If an English businessman is obliged to attend a meeting overseas, he will do so with one or two of his colleagues. He will fly, if at all possible, with British Airways (at least they speak in English, and there is no mistaking the origins of those little sandwiches of hard bread). His secretary will have reserved a room for him in a hotel that is part of a British chain. The bill will be paid in London, in pounds sterling. This way he will escape two nagging doubts which haunt most Britons abroad (strange preoccupations for a nation that has travelled so much): 'What is included in the price?' (in other words, he's afraid of being ripped off); and 'Am I behaving in the way I should?' (meaning he is afraid of doing something contrary to local custom).
So, how will an Englishman behave at his meeting abroad? First of all, although possibly a graduate of a top British university (which he won't talk about unless he was a member of the Oxford or Cambridge crews), he will expect his opposite number to speak English, but he will make a big effort to say 'hello' in French.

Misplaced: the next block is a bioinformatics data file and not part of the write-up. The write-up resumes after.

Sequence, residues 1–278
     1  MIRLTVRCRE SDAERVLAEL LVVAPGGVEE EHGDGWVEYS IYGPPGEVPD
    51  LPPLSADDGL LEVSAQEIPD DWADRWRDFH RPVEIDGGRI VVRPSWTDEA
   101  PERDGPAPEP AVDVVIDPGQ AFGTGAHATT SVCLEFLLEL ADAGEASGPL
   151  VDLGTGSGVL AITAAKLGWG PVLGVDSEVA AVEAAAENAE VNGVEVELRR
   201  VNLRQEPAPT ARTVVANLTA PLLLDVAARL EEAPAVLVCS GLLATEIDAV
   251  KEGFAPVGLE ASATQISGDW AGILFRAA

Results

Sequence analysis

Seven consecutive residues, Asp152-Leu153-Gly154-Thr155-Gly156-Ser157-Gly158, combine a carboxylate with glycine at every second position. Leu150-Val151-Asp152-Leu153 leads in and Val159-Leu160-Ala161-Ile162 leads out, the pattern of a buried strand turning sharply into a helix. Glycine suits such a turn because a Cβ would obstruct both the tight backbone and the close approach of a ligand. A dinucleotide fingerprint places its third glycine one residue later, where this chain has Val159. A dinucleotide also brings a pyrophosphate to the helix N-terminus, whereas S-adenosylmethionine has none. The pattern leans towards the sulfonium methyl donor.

Throughout the meeting he will never forget his objective. He will be realistic and tenacious, negotiating with authority but in a relaxed way. He will agree nothing without referring back to his superiors. He will expect you to present the same professional approach ... and not to go back on your word. The Frenchman, meanwhile, is likely to be rather vague and ill-prepared. And he may try to make false concessions. This is a bad move as the British love a battle of wits - it is the only way to convince them that they should make a compromise. Finally, he should remember that saying as little as possible about oneself is the best form of politeness according to City gentlemen.